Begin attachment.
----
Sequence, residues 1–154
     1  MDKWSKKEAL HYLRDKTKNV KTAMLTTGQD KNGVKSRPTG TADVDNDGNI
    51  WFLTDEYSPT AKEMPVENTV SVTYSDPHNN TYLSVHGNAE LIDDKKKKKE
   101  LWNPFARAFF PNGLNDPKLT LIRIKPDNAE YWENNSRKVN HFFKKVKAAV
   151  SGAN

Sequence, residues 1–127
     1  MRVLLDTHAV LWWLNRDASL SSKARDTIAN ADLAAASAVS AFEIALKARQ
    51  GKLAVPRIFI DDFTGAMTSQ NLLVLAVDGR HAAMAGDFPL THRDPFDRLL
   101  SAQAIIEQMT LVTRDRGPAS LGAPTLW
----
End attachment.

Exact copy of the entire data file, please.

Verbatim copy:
Sequence, residues 1–154
     1  MDKWSKKEAL HYLRDKTKNV KTAMLTTGQD KNGVKSRPTG TADVDNDGNI
    51  WFLTDEYSPT AKEMPVENTV SVTYSDPHNN TYLSVHGNAE LIDDKKKKKE
   101  LWNPFARAFF PNGLNDPKLT LIRIKPDNAE YWENNSRKVN HFFKKVKAAV
   151  SGAN

Sequence, residues 1–127
     1  MRVLLDTHAV LWWLNRDASL SSKARDTIAN ADLAAASAVS AFEIALKARQ
    51  GKLAVPRIFI DDFTGAMTSQ NLLVLAVDGR HAAMAGDFPL THRDPFDRLL
   101  SAQAIIEQMT LVTRDRGPAS LGAPTLW